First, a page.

GitHub CEO Thomas Dohmke: Yeah. I mean, let me take you on a bit of a history lesson. In the summer of 2020, GPT-3 came out, so that’s almost three years ago, and back then, you know, our GitHub next team that team within GitHub that looks into the future asked themselves can we use GPT-3 to write code? And, we looked into the model, and we came up with three scenarios. It’s fascinating now in 2023 to look at these three scenarios because there was text to code. So that’s what Copilot does today, right? You type text, and it suggests code to you. Code to text, which is like you, you ask the model to describe what the code is doing. And we just announced that as part of Copilot X, where you can have Copilot describe a pull request to you. And if you’re a developer, you know what that’s like. You’re working all day on a feature, and you’re submitting a pull request, and now you have to fill out all these forms and its title and the body, and like, ah, I know, I know what I did today. And it’s all obvious to me because I build all this code. I don’t want to spend too much time describing that to others. And so, with copilot for pull requests, we are helping people to just do that for them. And it describes the code, but it’s not only about the pull request, it helps you to describe code that you might be reading from a coworker and the editor. It might just help you to remember what that was. And it might help people to describe old code. This old COBOL code that some banks are still running and its code that’s from the ’60s, running on mainframes where the people that wrote that code back then are long in retirement, I hope. And so, the expertise is gone. And then the last one was conversational coding. And we didn’t build that at the time because we felt the model was not good enough to have these kind of conversations. And clearly now, with ChatGPT 3.5 and, and now GPT-4, we have reached the point where those chat scenarios are useful. And more often right than wrong. Back in 2020, we explored these three scenarios, and the way we validated, that this is good enough for us and that we can build a product on top of that was we asked our staff and principal engineers to submit coding exercises, things we would use in an interview loop — a description and a method declaration and a method body. And so we got about 230 or so of these exercises, and we stripped out the body and basically gave only the declaration and the description to the model. And we gave the model 150 attempts for each exercise to solve the exercise and get close enough to the solution. And what we figured out from this experiment that 92% of those exercises could be solved by the model back then in 2020. Even then, already the model was good enough for a lot of these coding exercises. And so, we took that as inspiration to build Copilot and ship Copilot to the world.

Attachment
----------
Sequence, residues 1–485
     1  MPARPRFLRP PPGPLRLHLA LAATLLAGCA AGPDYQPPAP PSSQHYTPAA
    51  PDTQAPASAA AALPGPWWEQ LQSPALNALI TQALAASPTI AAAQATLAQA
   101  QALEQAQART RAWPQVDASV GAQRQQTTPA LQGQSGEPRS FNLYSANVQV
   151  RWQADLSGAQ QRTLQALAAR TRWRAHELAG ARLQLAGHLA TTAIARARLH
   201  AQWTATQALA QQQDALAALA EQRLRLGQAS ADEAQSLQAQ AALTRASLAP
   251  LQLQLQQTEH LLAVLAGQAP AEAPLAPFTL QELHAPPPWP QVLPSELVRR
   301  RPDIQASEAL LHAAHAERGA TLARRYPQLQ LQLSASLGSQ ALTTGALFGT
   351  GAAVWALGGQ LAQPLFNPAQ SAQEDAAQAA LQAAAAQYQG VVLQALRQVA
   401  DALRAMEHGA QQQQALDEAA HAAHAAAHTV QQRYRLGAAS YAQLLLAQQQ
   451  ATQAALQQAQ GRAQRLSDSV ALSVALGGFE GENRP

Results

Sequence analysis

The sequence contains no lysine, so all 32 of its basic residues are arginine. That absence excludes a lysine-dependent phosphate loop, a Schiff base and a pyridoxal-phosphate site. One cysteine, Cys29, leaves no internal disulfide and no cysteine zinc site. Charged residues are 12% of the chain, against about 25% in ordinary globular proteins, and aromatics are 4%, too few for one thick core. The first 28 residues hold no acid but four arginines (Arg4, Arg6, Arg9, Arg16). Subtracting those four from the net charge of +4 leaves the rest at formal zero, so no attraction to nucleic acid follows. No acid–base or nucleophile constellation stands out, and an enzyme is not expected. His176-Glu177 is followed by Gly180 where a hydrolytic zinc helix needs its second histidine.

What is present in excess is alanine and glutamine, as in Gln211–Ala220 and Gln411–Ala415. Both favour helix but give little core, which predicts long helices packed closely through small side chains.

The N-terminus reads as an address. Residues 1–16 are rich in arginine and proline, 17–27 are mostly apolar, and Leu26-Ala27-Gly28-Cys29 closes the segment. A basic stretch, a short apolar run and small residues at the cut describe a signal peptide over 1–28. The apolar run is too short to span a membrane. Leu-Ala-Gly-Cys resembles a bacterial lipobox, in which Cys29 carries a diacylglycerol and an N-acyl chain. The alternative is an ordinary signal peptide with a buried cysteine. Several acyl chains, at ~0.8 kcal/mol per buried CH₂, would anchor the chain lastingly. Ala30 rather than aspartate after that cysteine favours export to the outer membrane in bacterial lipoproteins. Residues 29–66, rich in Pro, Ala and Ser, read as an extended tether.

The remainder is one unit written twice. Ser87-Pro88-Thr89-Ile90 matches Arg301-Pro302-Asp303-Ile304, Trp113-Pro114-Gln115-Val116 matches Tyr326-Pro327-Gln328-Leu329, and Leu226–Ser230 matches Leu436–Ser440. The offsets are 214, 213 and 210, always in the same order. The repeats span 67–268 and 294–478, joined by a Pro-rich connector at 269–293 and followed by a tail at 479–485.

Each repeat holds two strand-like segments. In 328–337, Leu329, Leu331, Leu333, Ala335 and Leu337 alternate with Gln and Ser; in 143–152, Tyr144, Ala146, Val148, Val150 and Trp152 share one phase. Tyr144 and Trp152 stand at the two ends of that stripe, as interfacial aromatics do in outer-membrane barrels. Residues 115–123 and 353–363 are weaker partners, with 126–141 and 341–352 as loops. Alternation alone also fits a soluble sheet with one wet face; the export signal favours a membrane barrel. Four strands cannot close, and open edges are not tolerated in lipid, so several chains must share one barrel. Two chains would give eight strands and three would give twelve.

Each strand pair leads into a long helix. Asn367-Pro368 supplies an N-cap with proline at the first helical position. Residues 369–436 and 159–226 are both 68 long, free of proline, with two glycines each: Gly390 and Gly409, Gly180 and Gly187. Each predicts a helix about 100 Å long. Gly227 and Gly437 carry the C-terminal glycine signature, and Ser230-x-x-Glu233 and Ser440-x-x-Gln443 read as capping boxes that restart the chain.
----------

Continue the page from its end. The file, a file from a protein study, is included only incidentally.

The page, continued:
On March 22nd, we announced Copilot X. So, then the next generation of Copilot, of really bringing the power of these AI models into all parts of the developer experience, whether it’s coding in your IDE, whether it’s chat scenarios where you can explore ideas. The example I tried first was I ask it how to build a snake game in Python. You know, the game that we were playing on cell phones before they had touchscreens. And it starts showing an explanation of how you do that, and then you can just ask it to “Tell me more on step one,” and it shows you some code, and you can start building with that. I think that’s the true power here is that you can rediscover your love for programming if you lost it. Or you can explore a new programming language, or you can just, you know, ask the chat agent to fix a bug in your code or fix the security issue, like to remove that SQL injection that you accidentally put there. We announced Pull requests. I’ve already mentioned that describing pull requests. And soon enough, we will also have test generations. So, the pull requests will check whether you actually wrote or the tests you’re supposed to write and then generate those tests for you. And then the other cool thing that we announced is Copilot for docs. And so, we built a feature that basically lets you ask questions about the documentation for React, Azure, and a couple of other projects.